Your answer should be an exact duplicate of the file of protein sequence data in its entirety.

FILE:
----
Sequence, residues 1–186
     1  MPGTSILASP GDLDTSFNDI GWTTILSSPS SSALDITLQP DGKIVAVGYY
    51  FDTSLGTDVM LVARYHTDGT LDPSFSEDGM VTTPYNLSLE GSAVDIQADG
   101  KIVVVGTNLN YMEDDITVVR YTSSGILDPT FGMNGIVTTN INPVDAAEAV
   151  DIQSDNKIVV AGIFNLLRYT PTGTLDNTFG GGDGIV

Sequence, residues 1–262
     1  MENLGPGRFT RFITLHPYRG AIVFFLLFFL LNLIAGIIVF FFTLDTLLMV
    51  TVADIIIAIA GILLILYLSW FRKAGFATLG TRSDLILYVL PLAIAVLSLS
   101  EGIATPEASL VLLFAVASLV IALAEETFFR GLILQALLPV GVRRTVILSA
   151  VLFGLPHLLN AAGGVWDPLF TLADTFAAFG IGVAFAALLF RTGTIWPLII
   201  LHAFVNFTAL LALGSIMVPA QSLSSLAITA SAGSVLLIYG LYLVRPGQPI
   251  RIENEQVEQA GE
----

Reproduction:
Sequence, residues 1–186
     1  MPGTSILASP GDLDTSFNDI GWTTILSSPS SSALDITLQP DGKIVAVGYY
    51  FDTSLGTDVM LVARYHTDGT LDPSFSEDGM VTTPYNLSLE GSAVDIQADG
   101  KIVVVGTNLN YMEDDITVVR YTSSGILDPT FGMNGIVTTN INPVDAAEAV
   151  DIQSDNKIVV AGIFNLLRYT PTGTLDNTFG GGDGIV

Sequence, residues 1–262
     1  MENLGPGRFT RFITLHPYRG AIVFFLLFFL LNLIAGIIVF FFTLDTLLMV
    51  TVADIIIAIA GILLILYLSW FRKAGFATLG TRSDLILYVL PLAIAVLSLS
   101  EGIATPEASL VLLFAVASLV IALAEETFFR GLILQALLPV GVRRTVILSA
   151  VLFGLPHLLN AAGGVWDPLF TLADTFAAFG IGVAFAALLF RTGTIWPLII
   201  LHAFVNFTAL LALGSIMVPA QSLSSLAITA SAGSVLLIYG LYLVRPGQPI
   251  RIENEQVEQA GE